(Feb 9, 2016) Twenty years after Electronic Frontier Foundation founder and Grateful Dead songwriter John Perry Barlow penned “A Declaration of the Independence of Cyberspace” at the World Economic Forum in Davos, The Economist asks him to look back upon his work. “I will stand by much of the document as written,” he said of his 844-word manifesto. “I believe that it is still true that the governments of the physical world have found it very difficult to impose their will on cyberspace.” In retrospect, howeve... Read More

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On tough regulation for data miners

(Feb 9, 2016) Companies like IMS Health, cloaked in mystery, gather and sell a wealth of American anonymized health data without disclosing specific privacy controls or even whether patients are able to opt their data out of collection practices, Fortune reports. “We seem to be spending a disproportionate amount of time hammering government (albeit rightly so) when the big industry ‘hosts’ of our data have so much control,” said the University of Edinburgh’s Claudia Pagliari. “Only more sophisticated laws and more extreme corporate penalties are likely to deter the misuse of this data,” she added. Read More

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Passwords: A thing of the past?

(Feb 9, 2016) As Alphabet moves forward with its “sign in with your phone” beta test and Apple’s Touch ID already permits users to access numerous accounts with their fingerprint, technologists and security professionals consider the future of the much-maligned password. "People tend to pick the less secure passwords in the largest numbers, so passwords are a bad idea from a security point of view,” said Johns Hopkins University’s Matthew Green. While replacing them with something more secure has advantages, the phone-based trends might not yet have the maturity necessary to replace the password. "I think these things are neat ideas, but they're too flaky right now for us to really rely on them,” Green added. Read More

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On the Super Bowl and surveillance

(Feb 8, 2016) As many in the U.S. watched Super Bowl 50 last night, the city of San Francisco and surrounding areas — including Santa Clara, where the actual game was held — have faced two weeks of ramped-up security. Traditionally, sporting events and music festivals require a trade-off between privacy and access to the event. Yet, this is usually done at the event’s entrance. This year’s Super Bowl, however, with increased concerns about terrorism, has not only increased use of surveillance at the game, but in many parts of the city as well — affecting people that may not want anything to do with the game. In this post for Privacy Perspectives, Jedidiah Bracy, CIPP/E, CIPP/US, looks into the security precautions in San Francisco and what it means for the privacy of those living in the area. Read More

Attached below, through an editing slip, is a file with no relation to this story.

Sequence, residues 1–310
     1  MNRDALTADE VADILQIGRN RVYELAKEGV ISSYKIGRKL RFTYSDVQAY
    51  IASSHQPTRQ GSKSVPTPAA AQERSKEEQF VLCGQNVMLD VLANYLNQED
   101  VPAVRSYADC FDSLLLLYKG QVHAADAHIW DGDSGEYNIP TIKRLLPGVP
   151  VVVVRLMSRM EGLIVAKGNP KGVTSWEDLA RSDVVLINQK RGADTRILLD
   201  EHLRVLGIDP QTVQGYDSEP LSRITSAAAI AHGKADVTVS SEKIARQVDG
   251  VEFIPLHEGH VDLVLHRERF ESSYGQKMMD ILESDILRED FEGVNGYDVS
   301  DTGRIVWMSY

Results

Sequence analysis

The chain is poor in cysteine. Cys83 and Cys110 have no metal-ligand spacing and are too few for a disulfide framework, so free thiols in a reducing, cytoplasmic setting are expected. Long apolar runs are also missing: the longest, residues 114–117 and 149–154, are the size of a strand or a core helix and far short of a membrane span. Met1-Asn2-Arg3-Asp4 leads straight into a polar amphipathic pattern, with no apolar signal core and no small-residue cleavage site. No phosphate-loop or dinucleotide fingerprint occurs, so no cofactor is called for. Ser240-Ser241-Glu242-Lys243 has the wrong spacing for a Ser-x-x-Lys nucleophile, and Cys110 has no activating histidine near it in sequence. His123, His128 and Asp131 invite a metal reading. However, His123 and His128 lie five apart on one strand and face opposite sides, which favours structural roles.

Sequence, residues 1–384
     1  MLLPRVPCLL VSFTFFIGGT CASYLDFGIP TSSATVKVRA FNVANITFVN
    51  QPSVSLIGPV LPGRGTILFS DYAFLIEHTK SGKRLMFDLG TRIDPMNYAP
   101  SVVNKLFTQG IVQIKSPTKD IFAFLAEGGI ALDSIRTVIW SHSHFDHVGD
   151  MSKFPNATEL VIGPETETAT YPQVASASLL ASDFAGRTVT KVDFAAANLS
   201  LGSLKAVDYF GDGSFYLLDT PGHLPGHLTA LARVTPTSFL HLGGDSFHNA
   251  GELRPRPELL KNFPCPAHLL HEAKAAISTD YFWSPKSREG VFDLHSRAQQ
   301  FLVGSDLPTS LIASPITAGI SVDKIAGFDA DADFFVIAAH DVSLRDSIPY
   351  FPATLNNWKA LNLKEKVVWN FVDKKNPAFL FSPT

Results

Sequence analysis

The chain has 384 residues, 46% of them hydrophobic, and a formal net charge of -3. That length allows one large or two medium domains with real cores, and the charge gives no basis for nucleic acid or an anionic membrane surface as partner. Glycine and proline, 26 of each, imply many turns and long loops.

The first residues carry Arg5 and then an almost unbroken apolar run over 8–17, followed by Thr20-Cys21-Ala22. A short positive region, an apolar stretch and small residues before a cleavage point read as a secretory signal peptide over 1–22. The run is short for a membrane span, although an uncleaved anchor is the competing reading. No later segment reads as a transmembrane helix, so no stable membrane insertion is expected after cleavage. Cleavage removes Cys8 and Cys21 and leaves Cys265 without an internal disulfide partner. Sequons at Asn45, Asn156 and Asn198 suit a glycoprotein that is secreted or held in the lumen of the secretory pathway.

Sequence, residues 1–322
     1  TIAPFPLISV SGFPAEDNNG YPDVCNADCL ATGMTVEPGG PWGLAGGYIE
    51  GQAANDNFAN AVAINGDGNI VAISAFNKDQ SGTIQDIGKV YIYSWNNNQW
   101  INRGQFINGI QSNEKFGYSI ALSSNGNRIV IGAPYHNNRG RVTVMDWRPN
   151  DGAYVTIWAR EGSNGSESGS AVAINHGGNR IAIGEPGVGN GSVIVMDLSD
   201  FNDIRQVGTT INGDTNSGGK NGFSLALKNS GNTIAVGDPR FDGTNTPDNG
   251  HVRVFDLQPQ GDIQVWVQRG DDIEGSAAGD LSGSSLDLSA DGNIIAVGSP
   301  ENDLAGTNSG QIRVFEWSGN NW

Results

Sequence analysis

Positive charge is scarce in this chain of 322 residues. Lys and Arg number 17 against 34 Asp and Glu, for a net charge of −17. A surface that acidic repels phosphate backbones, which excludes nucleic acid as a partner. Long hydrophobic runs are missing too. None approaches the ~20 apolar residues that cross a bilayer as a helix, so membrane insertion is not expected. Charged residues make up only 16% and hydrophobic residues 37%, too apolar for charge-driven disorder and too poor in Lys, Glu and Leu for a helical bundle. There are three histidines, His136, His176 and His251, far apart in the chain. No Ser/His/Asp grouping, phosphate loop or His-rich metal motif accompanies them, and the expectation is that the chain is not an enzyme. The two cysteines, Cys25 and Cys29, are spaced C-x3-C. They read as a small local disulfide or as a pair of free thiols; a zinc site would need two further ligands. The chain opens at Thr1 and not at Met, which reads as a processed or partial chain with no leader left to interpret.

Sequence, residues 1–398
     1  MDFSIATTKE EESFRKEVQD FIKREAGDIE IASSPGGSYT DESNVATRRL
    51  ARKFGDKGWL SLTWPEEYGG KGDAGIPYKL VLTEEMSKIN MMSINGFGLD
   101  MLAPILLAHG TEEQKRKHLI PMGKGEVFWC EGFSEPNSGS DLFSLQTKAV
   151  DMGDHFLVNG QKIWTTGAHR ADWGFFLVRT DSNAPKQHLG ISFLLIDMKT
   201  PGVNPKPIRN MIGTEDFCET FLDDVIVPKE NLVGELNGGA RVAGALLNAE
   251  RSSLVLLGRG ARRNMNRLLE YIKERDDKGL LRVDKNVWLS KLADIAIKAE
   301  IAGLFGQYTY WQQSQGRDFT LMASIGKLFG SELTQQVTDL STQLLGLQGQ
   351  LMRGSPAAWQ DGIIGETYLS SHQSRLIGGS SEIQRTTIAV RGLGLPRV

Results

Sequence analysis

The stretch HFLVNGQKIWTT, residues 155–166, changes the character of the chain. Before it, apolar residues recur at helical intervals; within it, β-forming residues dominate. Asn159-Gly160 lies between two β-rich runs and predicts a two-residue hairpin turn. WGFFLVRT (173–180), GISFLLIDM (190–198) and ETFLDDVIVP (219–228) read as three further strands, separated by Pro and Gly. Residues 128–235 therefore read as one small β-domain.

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FCC issues CPNI cert enforcement advisory

(Feb 8, 2016) The Federal Communications Commission has issued an enforcement advisory reminding telecommunications and interconnected VoIP providers to file their annual reports that certify compliance with the agency’s Customer Proprietary Network Information rules by March 1. The FCC notes that protecting CPNI is of “paramount importance, as CPNI includes some of the most sensitive personal information that carriers have about their customers as a result of their business relationship.” The advisory also warns that the FCC intends “to strictly enforce the rules.” Companies out of compliance face up to $160,000 per violation and up to a maximum of $1,575,000. Read More